The Super XV will become the Super XVIII – or perhaps the less clunky Super 18 – in 2016 after Japan and Argentina were granted franchise licenses on Thursday, joining a sixth South African side as expansion teams in two years’ time.
“It gives me great pleasure to welcome the JRFU and UAR who will join the Kings from South Africa as Super Rugby prepares to expand into a bold and exciting new era,” SANZAR chief Greg Peters said in a statement.
“As top 10 ranked rugby nations with established high performance level leagues and over 100,000 players each, there is no doubt as to Japan and Argentina’s rugby readiness and passion for the sport.”
Granted, Argentina and Japan are indeed top 10 ranked nations – in ninth and 10th respectively, ahead of troubled Pacific outfits Samoa, Tonga and Fiji, and Six Nations whipping boys Italy, before you get to the real minnows of world rugby from No.15 (Georgia, Canada, USA et al).
The reality of these new franchises offering genuine competition to the established teams is questionable. They will probably jag a few wins at home as travel takes its toll, while Argentina is a notoriously hostile playing environment; but winning away will be incredibly difficult given every game on the road will be overseas.
Depth and quality of players is another concern. Japan has a long history of snaring overseas stars to their club competition – Nick Cummins, Adam Thomson, Ben May, Andy Ellis, Jaque Fourie and Andries Bekker are just a few of those saddling up for the 2014-15 season, while former NRL stars Craig Wing, Fraser Anderson, Andrew Everingham and Omar Slaimankhel are also there. But assembling a competent Super Rugby squad will be more complicated, and the Argentina franchise will battle to attract imports.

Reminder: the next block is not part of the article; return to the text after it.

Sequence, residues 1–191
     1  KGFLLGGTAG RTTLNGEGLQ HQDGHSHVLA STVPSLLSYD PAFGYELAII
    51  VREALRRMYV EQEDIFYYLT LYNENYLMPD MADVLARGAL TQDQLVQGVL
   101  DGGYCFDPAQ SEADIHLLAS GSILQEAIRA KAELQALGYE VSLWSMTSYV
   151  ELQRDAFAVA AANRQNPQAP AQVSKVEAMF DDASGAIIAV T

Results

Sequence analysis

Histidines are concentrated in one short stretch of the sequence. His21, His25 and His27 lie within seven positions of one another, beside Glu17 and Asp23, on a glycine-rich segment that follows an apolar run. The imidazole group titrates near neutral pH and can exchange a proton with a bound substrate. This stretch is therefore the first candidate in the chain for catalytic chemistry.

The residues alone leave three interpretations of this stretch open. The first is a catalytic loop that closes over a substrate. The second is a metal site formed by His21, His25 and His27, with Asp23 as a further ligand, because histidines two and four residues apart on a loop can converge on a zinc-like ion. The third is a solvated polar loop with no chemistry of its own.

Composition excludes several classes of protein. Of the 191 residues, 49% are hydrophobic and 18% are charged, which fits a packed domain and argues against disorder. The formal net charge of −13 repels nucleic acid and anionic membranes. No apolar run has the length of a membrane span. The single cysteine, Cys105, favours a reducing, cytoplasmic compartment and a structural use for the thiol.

Both sides are likely to be box-office flops overseas, with fans staying away in droves if they are languishing near the bottom of the ladder. On the other hand, they will enjoy rabid support at home, while it is a perfect precursor to the Japan-hosted 2019 World Cup.
There are less positives to be drawn from bringing another South African team – the Port Elizabeth-based Southern Kings, who played in the 2013 comp – into the fold, however.
The talent pool in the Republic will be further diluted. Meanwhile, the ITM Cup continues to show there is too much talent in New Zealand than can be contained in five Super Rugby outfits; a city with a bigger population base clearly weighs into the criteria far more than breadth of rugby talent.
The make-up of the competition will obviously have to change from the current country conference system, which has worked very well in recent seasons. Nevertheless, it represents an exciting and intriguing new era as rugby continues to extend its global reach.